Volkswagen Golf SV BlueMotion petrol 2016 review

Punchy 1.0-litre turbo triple makes the Volkswagen Golf SV a more refined place to be, but is it frugal?

Overall Auto Express Rating

4.0 out of 5

The petrol-powered VW Golf SV BlueMotion is almost as frugal in the real world as its diesel counterpart, yet it’s more refined and kinder to the environment. You can put aside concerns about a 1.0-litre engine in a car this size, too, as it offers more than enough in-gear punch for most needs and is smooth on the move. The SV isn’t the most versatile MPV, though, so buyers looking for outright practicality might be better off elsewhere.

Diesel power isn’t for everyone, and Volkswagen is now catering for drivers who want fuel-sipping efficiency with a cleaner petrol engine by offering an expanded BlueMotion range throughout its model line-up. And the family-focused Golf SV is the latest car to benefit from this treatment.

Last year we tested the VW Golf SV BlueMotion diesel, which despite lofty efficiency claims, didn’t really deliver on its eco-car promise. But you can now spec the mini-MPV with VW’s 1.0-litre TSI turbo petrol engine, which has impressed us in both the Polo supermini and Golf hatchback. But the SV is longer, wider, heavier and a full 120mm taller than the regular car. So does that dent its eco credentials? 

Best MPVs and people carriers

In short? Not really. The official combined economy figure drops from 65.7mpg to 62.8mpg, which isn’t bad, but company car drivers may be put off by the fact the SV sits one tax band higher than the Golf: 105g/km for the former plays 99g/km for the latter. Still, no petrol-powered versions of the Mercedes B-Class or BMW 2 Series Active Tourer can trump that.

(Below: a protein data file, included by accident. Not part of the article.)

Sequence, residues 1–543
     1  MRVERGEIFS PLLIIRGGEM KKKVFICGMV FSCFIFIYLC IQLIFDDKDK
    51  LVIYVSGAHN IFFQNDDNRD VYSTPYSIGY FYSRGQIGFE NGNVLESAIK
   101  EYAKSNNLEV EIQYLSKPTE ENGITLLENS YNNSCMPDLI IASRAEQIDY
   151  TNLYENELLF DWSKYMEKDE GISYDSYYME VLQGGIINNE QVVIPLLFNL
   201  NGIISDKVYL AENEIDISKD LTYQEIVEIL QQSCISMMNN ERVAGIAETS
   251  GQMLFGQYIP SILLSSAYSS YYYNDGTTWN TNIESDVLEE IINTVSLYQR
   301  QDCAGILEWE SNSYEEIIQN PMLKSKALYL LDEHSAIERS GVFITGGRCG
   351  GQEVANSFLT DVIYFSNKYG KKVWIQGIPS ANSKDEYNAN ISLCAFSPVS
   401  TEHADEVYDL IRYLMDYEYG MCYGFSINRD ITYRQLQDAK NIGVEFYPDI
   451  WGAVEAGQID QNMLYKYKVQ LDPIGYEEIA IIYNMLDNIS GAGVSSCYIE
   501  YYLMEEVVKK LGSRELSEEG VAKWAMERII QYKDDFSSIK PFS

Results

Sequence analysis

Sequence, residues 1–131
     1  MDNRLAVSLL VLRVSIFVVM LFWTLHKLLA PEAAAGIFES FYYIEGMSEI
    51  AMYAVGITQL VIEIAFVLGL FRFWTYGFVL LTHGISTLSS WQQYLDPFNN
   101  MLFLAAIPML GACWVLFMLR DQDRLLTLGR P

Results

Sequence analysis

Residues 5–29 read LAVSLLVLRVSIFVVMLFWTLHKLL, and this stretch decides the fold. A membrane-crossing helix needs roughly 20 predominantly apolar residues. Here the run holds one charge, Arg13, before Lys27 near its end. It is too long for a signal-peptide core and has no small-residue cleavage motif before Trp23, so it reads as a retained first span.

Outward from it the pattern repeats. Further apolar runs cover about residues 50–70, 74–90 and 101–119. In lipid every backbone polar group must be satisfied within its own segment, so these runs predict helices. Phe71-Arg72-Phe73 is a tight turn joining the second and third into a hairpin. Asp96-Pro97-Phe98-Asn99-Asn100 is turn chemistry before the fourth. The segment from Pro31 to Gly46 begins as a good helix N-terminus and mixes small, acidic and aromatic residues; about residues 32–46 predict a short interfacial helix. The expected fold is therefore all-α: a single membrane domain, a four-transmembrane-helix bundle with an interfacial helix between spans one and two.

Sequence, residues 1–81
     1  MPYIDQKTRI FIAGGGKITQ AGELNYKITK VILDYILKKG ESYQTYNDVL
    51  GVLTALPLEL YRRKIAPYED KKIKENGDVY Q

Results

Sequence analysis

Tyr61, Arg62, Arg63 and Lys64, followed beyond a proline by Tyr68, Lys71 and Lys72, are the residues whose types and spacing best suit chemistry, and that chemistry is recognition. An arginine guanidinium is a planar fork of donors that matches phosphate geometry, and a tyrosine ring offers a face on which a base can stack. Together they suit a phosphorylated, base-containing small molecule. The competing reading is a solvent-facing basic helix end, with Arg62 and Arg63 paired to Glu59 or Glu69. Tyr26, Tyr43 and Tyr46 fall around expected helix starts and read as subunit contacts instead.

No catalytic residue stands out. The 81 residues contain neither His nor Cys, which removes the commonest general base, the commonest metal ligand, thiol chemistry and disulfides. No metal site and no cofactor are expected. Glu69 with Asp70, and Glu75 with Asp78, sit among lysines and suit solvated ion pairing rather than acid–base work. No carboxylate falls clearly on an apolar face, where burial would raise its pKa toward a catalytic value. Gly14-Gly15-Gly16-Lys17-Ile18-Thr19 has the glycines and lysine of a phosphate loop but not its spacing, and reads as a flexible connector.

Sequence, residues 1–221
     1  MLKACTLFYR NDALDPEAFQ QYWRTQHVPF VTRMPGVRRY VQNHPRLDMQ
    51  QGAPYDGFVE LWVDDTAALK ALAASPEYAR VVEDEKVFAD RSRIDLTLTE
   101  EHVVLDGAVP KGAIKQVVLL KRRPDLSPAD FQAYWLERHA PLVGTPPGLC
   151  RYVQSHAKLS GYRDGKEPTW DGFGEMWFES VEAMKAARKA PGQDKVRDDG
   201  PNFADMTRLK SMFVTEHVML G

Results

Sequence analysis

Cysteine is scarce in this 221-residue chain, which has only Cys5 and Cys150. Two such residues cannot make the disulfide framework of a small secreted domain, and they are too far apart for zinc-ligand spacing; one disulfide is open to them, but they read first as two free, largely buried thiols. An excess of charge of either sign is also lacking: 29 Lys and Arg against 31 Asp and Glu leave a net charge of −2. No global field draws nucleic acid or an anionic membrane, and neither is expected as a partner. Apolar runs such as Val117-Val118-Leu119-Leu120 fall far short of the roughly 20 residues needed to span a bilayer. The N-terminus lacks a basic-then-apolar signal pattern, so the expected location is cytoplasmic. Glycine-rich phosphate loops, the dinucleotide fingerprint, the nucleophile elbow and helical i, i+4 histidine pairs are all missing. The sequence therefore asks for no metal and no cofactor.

More importantly, though, the petrol SV BlueMotion delivers away from the lab testing cycle. We found 45mpg easily achievable in mixed town and motorway driving, while nearly 55mpg is attainable on a sensible long run, making it almost a match for the diesel version.

But the petrol offers a more enjoyable driving experience, too. Other than the typical pulsing thrum at idle, the three-cylinder engine is very refined and smooth at most speeds, with only a pleasingly off-beat note as the backing track at higher revs.

You don’t get the instant low-end punch that you would in the diesel, though extending the petrol unit into the mid-range is no hardship. The 0-62mph sprint is taken care of in 10.4 seconds (seven-tenths longer than in the regular Golf) so it never feels fast and may struggle more than the diesel when heavily laden, but you’re rarely left wanting for power in normal driving. The six-speed gearbox helps: some eco-specials are lumbered with long-geared five-speed units, but the extra cog and closer ratios stops the Golf from bogging down.

VW Golf SV vs Mercedes B-Class vs Citroen C4 Picasso

Having the lighter petrol engine at the front also helps the SV feel more agile than it does with a diesel engine. Still, it’s composed rather than fun, with a good balance of ride and handling (particularly on the small 16-inch alloys BlueMotion spec necessitates) accurate steering and a slick gearshift. The low rolling-resistance tyres kick up some road roar, but it’s not intrusive.

It’s a pity that the tall-sided exterior is so bland to look at, but the interior is typically VW - it may play it safe in terms of design, but the quality of materials and switchgear is exceptional for a car of this class.

It’s not all that impressive as an MPV, though, as it lacks the seating flexibility of cheaper rivals like the Citroen C4 Picasso. It many respects it feels like a slightly bigger Golf, which is fine, but that means most buyers would be better off with a proper five-seat people carrier. 

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